Book Review for Chains

Title: Chains
Author: Laurie Halse Anderson
Year Published: 2008
Genre: Middle Grade Historical Fiction for ages 10 and up
Format: Listened to as an audiobook from
Rating: ****

In the spring of 1776, a twelve-year-old Rhode Island slave named Isabel is making plans for her new life as a free person.  Shortly before her death, Isabel’s master, Miss Mary Finch, granted Isabel and her sister’s freedom in her will. Those dreams of freedom are destroyed though when Miss Mary’s son refuses to honor the will and instead sells Isabel and her five-year-old sister to a haughty loyalist couple in New York. 

Now Isabel is thrust into the middle of the increasingly heated tensions between the rebels and the loyalists in the New York Colony. She meets a friendly slave named Curzon who is sure the rebels are a slave’s ticket to freedom and wants Isabel to help by spying on her loyalist masters.  Isabel isn’t sure what to do. The rebels are fighting for white men to be free, but would they fight for a slave girl’s freedom too?

While reading Chains I felt like I’d been transported into the start of the American Revolution with all the sights, smells, and emotions of the time.  Isabel is a smart likable character and her point of view and insight is one that isn’t usually voiced in Revolutionary War stories.  Chains would make an excellent choice for family or classroom reading since teachers and parents will enjoy Isabel’s story as much as their elementary and middle school aged children.

Reviews of Remakes: The Karate Kid, Skins, and Being Human

Last night I watched three different remakes. My philosophy on remakes is that they’re worthwhile if they offer a new twist on old material. So remakes of Romeo and Juliet often turn out well as each generation has different rules on what’s considered a forbidden romance. The Office is another example of successful remake material. Each country has its own business culture. A British Office and an American Office can tell a similar story but with the unique differences that speak to each country. Here’s what the three remakes I watched last night had to offer:

The Karate Kid (*** 1/2) – [2010]  I loved the original version of this movie. It was very California-based though, which made it ripe for a remake.  In this version, 12-year-old Dre (played by Jaden Smith) and his mom move to China to start a new life.  He meets the standard bullies, gets in the forced–but necessary–humiliating beat down by those bullies, and vows to learn to beat them fairly with the help of an older and wiser mentor.  

Jaden Smith is as vulnerable and charming as Ralph Macchio and adds a broader American definition to the role.  Jackie Chan is a solid replacement for Pat Morita and moving the story to China adds a global twist with stunning scenery during the crucial training montages. Though the romance of twelve-year-olds was a bit awkward,  I liked how the story was updated with more of a friendship theme where the boy and girl promise to support each other’s dream. It was especially nice to see the girl have her own talents and life instead of just being a handmaiden for the boy.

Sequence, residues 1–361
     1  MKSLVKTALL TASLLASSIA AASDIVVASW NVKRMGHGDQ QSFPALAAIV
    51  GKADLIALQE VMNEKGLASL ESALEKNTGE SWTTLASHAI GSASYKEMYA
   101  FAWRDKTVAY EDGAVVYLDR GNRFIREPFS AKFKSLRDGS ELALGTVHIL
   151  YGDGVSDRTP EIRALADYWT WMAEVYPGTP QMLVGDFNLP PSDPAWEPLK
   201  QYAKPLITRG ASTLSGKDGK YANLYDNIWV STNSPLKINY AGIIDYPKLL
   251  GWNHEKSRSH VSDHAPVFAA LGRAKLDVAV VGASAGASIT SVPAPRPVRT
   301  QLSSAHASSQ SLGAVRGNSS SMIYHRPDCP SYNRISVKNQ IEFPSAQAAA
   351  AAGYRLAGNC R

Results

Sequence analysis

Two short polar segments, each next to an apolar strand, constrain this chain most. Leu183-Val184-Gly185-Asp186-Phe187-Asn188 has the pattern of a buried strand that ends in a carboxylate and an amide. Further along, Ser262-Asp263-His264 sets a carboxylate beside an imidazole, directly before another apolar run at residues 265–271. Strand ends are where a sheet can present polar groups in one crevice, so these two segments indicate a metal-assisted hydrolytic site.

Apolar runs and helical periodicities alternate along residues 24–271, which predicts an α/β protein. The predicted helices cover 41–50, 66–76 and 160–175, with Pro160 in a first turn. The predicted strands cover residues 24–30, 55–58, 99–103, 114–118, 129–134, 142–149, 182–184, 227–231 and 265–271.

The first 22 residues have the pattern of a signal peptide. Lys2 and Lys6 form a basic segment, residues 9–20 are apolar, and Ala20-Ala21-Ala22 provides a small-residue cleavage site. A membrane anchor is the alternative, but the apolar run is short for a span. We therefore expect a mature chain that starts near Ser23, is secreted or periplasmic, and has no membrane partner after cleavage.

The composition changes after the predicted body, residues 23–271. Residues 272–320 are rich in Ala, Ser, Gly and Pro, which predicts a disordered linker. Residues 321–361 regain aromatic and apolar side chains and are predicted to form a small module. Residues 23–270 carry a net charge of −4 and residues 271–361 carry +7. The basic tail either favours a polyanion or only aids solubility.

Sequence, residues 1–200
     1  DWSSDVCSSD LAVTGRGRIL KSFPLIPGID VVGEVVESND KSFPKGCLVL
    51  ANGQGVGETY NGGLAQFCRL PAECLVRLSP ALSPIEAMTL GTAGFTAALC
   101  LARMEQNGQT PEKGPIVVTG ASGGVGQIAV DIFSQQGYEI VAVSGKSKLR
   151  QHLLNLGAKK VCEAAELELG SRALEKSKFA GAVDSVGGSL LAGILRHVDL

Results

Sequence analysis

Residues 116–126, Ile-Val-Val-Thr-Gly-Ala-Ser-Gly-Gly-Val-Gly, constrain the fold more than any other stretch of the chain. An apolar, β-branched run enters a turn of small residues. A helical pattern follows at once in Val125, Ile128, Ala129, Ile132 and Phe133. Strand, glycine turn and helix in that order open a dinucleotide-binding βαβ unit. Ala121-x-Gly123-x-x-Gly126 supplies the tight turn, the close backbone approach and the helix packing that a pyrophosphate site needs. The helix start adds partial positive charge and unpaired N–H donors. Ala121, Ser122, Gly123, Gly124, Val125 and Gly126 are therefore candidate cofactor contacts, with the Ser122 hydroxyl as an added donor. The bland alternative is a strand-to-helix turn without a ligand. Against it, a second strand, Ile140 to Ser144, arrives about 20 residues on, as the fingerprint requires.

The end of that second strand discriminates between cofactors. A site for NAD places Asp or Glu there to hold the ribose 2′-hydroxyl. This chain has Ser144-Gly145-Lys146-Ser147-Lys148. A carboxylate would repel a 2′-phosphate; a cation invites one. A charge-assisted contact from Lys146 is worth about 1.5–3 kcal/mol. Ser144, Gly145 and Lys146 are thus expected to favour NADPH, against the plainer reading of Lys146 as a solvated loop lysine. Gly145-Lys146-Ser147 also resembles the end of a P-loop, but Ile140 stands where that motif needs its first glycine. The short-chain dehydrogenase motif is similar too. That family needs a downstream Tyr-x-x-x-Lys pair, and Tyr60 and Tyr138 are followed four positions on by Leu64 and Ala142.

At almost 2 1/2 hours the story is a little overlong but includes tons of wonderful scenes of China.  Overall, the new Karate Kid is a solid version for a new generation. [Watched on DVD rented from Netflix.  Also available for rental on iTunes.]

Skins (***) – The first two seasons of the British version of Skins were sublime.  In just 20 episodes Skins told a story of adolescence that was wild, unrealistic, bawdy, sweet, cautionary, and all too real. If you never saw the British version, GO WATCH IT. 

That said, the American version isn’t as horrible as I thought it would be.  Most of the cast is solid with a couple exceptions.  In the British version, Tony is a charismatic, manipulative alpha-boy who holds the group together. It’s not a easy role to nail and unfortunately American Tony doesn’t.  Instead he comes across as merely smarmy and bland. Some of the actors — the one who plays Chris, for example– offer a uniquely American take while still being the embodiment of the original character.  The one major casting difference is that Maxxie– the level-headed gay boy and talented tap dancer– is replaced by a lesbian cheerleader named Tea.  I haven’t seen enough of her to know what I think about  this change.

While it was nice to finally watch a show about working class American teens instead of yet another show about rich teens, the American pilot is line-for-line and scene-for-scene an almost exact copy of the British version. It’s not a bad show, just a lesser copy.  [New episodes on Mondays at 10/9c and available for online viewing  the next day at MTV online.]

Being Human (*** 1/2)  – Three twenty-somethings share an apartment together.  They just happen to be a vampire, a werewolf, and a ghost.  I liked the first British season a lot but wasn’t too keen on the second season, so I’m more open to an American version of Being Human